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Hoffmann, R. A wiki for the life sciences where authorship matters. Nature Genetics (2008)

The N-terminal portion of mature aldehyde dehydrogenase affects protein folding and assembly.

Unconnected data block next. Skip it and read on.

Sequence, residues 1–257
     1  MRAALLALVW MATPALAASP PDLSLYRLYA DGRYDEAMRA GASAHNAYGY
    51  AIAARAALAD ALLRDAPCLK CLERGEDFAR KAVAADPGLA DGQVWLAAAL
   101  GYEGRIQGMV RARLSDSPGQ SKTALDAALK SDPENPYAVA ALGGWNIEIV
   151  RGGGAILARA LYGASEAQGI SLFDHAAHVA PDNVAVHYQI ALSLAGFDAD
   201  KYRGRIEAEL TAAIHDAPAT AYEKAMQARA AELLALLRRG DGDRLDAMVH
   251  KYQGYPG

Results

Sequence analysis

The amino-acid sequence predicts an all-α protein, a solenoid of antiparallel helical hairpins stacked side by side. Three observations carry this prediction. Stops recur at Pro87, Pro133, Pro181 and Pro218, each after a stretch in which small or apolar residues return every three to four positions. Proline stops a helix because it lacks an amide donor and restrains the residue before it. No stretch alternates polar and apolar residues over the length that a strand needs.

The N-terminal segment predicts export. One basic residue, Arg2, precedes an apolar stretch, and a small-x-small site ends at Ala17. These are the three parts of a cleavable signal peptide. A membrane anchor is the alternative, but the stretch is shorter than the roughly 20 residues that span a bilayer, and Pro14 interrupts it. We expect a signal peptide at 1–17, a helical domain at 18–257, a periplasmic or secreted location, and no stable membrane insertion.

Human liver cytosolic (ALDH1) and mitochondrial (ALDH2) aldehyde dehydrogenases are both encoded in the nucleus and synthesized in the cytosol. ALDH1 must fold in the cytosol, but ALDH2 is first synthesized as a precursor and must remain unfolded during import into mitochondria. The two mature forms share high identity (68%) at the protein sequence level except for the first 21 residues (14%); their tertiary structures were found to be essentially identical. ALDH1 folded faster in vitro than ALDH2 and could assemble to tetramers while ALDH2 remained as monomers. Import assay was used as a tool to study the folding status of ALDH1 and ALDH2. pALDH1 was made by fusing the presequence of precursor ALDH2 to the N-terminal end of ALDH1. Its import was reduced about 10-fold compared to the precursor ALDH2. The exchange of the N-terminal 21 residues from the mature portion altered import, folding, and assembly of precursor ALDH1 and precursor ALDH2. More of chimeric ALDH1 precursor was imported into mitochondria compared to its parent precursor ALDH1. The import of chimeric ALDH2 precursor, the counterpart of chimeric ALDH1 precursor, was reduced compared to its parent precursor ALDH2. Mature ALDH1 proved to be more stable against urea denaturation than ALDH2. Urea unfolding improved the import of precursor ALDH1 and the chimeric precursors but not precursor ALDH2, consistent with ALDH1 and the chimeric ALDHs being more stable than ALDH2. The N-terminal segment of the mature protein, and not the presequence, makes a major contribution to the folding, assembly, and stability of the precursor and may play a role in folding and hence the translocation of the precursor into mitochondria.[1]


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